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I'm reading a "Graph Transformations. An Introduction to the Categorical Approach" by H.J.Schneider. In a example 6.3.3 Graph Category constructed as a comma category of a identity functor $id_{Set} : Set \rightarrow Set$ and a diagonal functor $\Delta_{Set} : Set \rightarrow Set \times Set$. The functors has a different codomains and couldn't be used to construct a comma category. Does it all mean that a $Set \times Set$ category is a subcategory of $Set$? And that comma category doesn't require equality of the functor codomains? Codomain of the one functor may be a subcategory of a codomain of the another functor?

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Diagonal functor from exercise 6.3.3 and diagonal functor from nlab are different things. In the example the codomain of diagonal functor is $\mathbf{Set}$, not $\mathbf{Set}\times\mathbf{Set}$. This functor sends every set $X$ to the set $X\times X\in\mathbf{Set}$, not to the pair $(X,X)\in\mathbf{Set}\times\mathbf{Set}$. – Oskar Jan 14 '14 at 9:02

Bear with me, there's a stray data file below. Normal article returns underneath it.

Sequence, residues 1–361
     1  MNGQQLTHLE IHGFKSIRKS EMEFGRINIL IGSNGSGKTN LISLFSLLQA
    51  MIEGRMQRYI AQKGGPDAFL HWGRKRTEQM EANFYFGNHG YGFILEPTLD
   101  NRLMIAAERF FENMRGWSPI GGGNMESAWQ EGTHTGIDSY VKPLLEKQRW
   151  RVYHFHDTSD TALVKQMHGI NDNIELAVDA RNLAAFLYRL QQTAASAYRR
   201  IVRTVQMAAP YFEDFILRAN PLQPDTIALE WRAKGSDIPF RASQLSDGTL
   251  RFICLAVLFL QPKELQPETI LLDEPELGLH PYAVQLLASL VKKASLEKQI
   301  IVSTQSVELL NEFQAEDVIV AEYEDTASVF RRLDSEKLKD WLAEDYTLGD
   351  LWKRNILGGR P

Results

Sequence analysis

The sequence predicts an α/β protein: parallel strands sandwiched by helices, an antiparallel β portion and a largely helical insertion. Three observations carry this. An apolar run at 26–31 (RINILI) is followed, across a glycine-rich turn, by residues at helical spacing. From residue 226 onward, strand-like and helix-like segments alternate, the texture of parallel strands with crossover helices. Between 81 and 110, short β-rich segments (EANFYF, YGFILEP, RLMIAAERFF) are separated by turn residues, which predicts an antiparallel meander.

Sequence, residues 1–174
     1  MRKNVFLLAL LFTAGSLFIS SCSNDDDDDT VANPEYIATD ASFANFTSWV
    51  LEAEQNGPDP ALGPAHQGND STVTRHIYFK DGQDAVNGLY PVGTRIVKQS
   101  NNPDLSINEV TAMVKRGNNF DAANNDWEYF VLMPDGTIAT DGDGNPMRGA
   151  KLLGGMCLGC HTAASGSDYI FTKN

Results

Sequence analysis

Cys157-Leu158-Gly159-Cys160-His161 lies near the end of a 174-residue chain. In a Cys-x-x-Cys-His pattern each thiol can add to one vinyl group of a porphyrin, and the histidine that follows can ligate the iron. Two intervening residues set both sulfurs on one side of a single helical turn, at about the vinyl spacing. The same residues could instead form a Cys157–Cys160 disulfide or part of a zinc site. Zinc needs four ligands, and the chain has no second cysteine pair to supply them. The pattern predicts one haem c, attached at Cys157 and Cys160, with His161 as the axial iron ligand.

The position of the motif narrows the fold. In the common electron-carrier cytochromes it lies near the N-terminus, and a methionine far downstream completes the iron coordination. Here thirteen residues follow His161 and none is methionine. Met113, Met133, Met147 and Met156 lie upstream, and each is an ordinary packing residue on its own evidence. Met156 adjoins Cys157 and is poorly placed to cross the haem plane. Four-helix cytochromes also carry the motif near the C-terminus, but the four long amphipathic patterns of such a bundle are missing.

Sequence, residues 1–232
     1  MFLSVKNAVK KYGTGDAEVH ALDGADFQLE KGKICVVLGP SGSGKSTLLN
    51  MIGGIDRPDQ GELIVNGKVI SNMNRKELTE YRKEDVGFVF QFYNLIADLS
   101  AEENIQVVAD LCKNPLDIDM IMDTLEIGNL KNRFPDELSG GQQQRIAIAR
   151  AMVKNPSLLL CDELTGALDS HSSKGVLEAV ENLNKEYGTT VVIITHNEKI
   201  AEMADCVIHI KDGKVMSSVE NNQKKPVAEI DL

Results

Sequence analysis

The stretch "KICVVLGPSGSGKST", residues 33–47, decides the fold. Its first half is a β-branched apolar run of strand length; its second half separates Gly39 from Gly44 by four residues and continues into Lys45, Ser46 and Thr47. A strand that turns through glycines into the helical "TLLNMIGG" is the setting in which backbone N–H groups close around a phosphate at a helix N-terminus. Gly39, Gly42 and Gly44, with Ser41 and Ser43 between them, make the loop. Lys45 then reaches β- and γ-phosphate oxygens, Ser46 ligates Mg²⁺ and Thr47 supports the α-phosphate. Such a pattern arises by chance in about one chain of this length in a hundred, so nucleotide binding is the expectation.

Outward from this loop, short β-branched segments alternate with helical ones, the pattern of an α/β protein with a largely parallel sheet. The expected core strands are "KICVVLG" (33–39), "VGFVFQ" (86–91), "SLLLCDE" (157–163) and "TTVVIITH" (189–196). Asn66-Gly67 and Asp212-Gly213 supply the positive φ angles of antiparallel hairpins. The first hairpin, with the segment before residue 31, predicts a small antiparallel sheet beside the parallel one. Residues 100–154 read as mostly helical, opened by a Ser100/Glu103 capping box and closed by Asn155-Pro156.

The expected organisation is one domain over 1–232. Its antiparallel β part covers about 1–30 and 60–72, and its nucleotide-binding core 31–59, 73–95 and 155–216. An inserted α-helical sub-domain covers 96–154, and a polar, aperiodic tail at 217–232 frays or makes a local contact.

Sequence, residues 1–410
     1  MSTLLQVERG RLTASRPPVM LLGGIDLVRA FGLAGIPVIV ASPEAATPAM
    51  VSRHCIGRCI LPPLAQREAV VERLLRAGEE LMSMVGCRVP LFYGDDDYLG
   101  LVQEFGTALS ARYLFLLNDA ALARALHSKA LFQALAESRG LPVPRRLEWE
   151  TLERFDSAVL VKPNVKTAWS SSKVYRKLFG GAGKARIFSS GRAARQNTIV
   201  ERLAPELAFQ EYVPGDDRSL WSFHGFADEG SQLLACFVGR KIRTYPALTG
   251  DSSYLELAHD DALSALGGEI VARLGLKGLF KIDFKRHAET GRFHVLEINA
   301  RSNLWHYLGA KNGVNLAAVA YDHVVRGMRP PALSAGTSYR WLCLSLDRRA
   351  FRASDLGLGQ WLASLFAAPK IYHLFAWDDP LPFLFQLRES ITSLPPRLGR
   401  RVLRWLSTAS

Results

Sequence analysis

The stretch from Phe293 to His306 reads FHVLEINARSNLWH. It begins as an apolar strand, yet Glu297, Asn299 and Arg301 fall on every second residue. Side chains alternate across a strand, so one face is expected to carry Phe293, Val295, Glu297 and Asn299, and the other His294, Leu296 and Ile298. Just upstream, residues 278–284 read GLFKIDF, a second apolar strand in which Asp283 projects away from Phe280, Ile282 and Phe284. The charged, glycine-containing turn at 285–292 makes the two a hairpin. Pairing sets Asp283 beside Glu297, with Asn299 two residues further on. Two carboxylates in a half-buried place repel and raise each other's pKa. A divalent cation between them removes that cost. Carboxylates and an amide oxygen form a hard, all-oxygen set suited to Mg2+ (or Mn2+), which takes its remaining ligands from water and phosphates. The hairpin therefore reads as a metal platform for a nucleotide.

Thanks! You dispelled my doubts :) But it's strange that a different things has a same name... – Denis Jan 14 '14 at 9:11
@Denis It's not strange: it's an unavoidable fact that there are only finitely many short words in any language... – Zhen Lin Jan 14 '14 at 9:15
@Denis I would not call it strange, I would rather say that it is unfortunate and unnecessary for an author to mis-use a well established functor name to represent something much less useful like his X functor. In his defence , at least the author clearly defines what he means and uses the letter X to hint at a cross product. – magma Jan 14 '14 at 14:17
up vote 1 down vote accepted

Besides the mis-naming (as explained in the comments above), Example 6.3.3 is fine and shows that Graph (the category of directed multi-graphs) can be expressed as a comma category.

You may be interested in knowing that it can also be represented as a functor category:

$$\mathbf{Graph} = \mathbf{Set}^{\Gamma}$$

where $\Gamma$ is the category with exactly two objects and two distinct, parallel, non-identity arrows. In other words: A graph is a functor $G:\Gamma \rightarrow \mathbf{Set}$ and the natural transformations between these functors are the graph transformations. You can read this in Awodey (chap 7 I think).

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